Though I second several recommendations here, I’m going to put a vote in for The Rational Optimist, especially if someone likes science and tech.

    It’s an entertaining and relatively easy read that — among other things — introduces people to a lot of the ideas they’d find in The Fatal Conceit (a much better, more timeless book, but one that takes more effort).

    • #19
    • September 10, 2017 at 11:57 am
    • 5 likes
  20. Member

    I’d recommend End of Discussion by Mary Katherine Ham and Guy Benson because it directly addresses multiple topics from a Conservative perspective with an emphasis on being open to arguments and reasoned discussion. It is also a book written by two attractive and relatable young conservatives who are generally not what liberals think of when they think of the conservative movement.

    • #20
    • September 10, 2017 at 11:58 am
    • 4 likes
  21. Reagan

    Gleeful Warrior (View Comment):
    I’d recommend End of Discussion by Mary Katherine Ham and Guy Benson because it directly addresses multiple topics from a Conservative perspective with an emphasis on being open to arguments and reasoned discussion. It is also a book written by two attractive and relatable young conservatives who are generally not what liberals think of when they think of the conservative movement.

    I saw a great interview with Guy Benson where he talked about how they ran the book past a liberal editors and friends to get their opinion on where they weren’t being fair to the other side. I found that remarkable.

    • #21
    • September 10, 2017 at 12:00 pm
    • 2 likes
  22. Contributor

    Jonah Goldberg’s Liberal Fascism. If she’s never read The Federalist Papers . . .

    • #22
    • September 10, 2017 at 12:02 pm
    • 10 likes
  23. Contributor

    Hard to believe it’s 30 years old now, but Allan Bloom’s Closing Of The American Mind is always an insightful read.

    • #23
    • September 10, 2017 at 12:15 pm
    • 10 likes
  24. Inactive

    Anything and everything by Gertrude Himmelfarb.

    • #24
    • September 10, 2017 at 12:17 pm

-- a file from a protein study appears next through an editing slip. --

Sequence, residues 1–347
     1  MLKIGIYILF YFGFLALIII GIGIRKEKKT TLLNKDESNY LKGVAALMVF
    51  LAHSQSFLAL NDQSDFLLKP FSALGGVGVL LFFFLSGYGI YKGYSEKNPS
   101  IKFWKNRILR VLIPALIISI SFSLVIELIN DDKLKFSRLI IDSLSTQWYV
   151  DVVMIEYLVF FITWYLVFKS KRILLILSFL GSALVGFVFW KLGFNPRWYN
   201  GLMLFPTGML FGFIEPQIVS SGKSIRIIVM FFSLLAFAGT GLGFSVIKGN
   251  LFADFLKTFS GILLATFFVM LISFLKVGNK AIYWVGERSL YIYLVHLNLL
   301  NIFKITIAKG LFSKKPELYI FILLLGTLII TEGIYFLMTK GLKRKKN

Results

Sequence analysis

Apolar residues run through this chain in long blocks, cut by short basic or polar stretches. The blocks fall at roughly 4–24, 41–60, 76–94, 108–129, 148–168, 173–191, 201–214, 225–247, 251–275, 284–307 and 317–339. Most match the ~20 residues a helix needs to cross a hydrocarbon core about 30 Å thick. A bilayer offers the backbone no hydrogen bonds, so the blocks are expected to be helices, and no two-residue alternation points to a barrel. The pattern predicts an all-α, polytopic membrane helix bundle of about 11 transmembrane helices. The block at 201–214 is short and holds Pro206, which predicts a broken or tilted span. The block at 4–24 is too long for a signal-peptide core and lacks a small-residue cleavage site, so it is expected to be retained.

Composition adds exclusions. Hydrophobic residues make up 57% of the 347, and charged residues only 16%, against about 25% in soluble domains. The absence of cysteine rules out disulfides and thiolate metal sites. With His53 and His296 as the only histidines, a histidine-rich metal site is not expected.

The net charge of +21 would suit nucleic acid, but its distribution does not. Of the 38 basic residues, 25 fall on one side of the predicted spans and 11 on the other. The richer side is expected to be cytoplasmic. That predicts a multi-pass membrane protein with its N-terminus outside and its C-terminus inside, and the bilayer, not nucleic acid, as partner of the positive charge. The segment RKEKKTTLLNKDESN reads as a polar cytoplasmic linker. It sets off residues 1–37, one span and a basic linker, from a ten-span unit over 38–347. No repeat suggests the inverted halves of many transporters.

• 1 like
  25. Member

    Recommended reading for parents from my kids’ Hillsdale-inspired charter high school:

    Cultural Literacy: What Every American Needs to Know by E.D. Hirsch, Jr. (1998)

    Why Johnny Can’t Tell Right from Wrong: Moral Illiteracy and the Case for Character Education by William Kilpatrick (1992)

    The Abolition of Man by C.S. Lewis (1943)

    Man’s Search for Meaning by Viktor E. Frankl (1959)

    The Talent Code by Daniel Coyle (2009)

    I haven’t read all of these, but, given Hillsdale’s approach to education, I’m betting they’re not overtly “conservative.” They just tell the truth, which happens to comport with conservatism most of the time.

    • #25
    • September 10, 2017 at 12:21 pm
    • 5 likes
  26. Member

    Chris Campion (View Comment):
    If it’s unstable and “regressive”, as you describe (and I’m not sure I understand how you’re using those words), then there’s a reason. And possibly, a fix for it. The answer, as historical economic data shows, is not more gov’t spending (from a long-run perspective).

    I mean the remuneration and the problems are disbursed unfairly in a low GDP economy. The central banks have clearly blown the biggest bubbles ever, planet-wide.

    We need to adopt something like the Swiss health insurance system or we will get single payer good and hard. Other than that we need to go mega-libertarian. See David Stockman and Deirdre McCloskey etc.

    • #26
    • September 10, 2017 at 12:45 pm
    • 1 like
  27. Member

    Jamie Lockett (View Comment):
    The Road to Serfdom is always my starting point when introducing left leaning friends to conservative ideas.

    Free to Choose by Milton and Rose Friedman is probably more accessible.

    The Righteous Mind by Jonathan Haidt is insightful for people of any political persuasion.

    I triple agree with “The Road to Serfdom” and “The Righteous Mind.” I’m adding “Free to Choose” to my own list. I don’t believe Haight’s book is dissuasive for a lefty due to Haight’s findings, my concern is that the book is closer to a research paper than a narrative. Haight remains a man of the left, and frames his discussion in this manner. I’d love to bring every lefty friend I have to hear him speak. I found him more engaging “live” than in print. Given the increasingly — and, uncharitably stated, juvenile and emotionally-focused approach of content from the left in general, Haight may be a turn-off. So, if the book club wants a more of a clinical approach to our divide, it might fit the bill.

    • #27
    • September 10, 2017 at 12:48 pm
    • 1 like
  28. Member

    Radical Son by David Horowitz would be more conducive of conversation in a book club setting than a more polemical book.

    • #28
    • September 10, 2017 at 12:54 pm
    • 5 likes
  29. Member

    If everyone is going to invoke “The Road to Serfdom” I don’t get why Ricochet doesn’t have an Austrian economics podcast. I mean it. The simple fact is we are going to end up with a Ron Paul world the hard way. It’s inevitable.

    • #29
    • September 10, 2017 at 1:04 pm
    • 1 like
  30. Member

    Stasiland, by Anna Funder, vividly portrays what living in a totalitarian society (in this case, East Germany) really does to people. I reviewed it here.

    • #30
    • September 10, 2017 at 1:34 pm
    • 1 like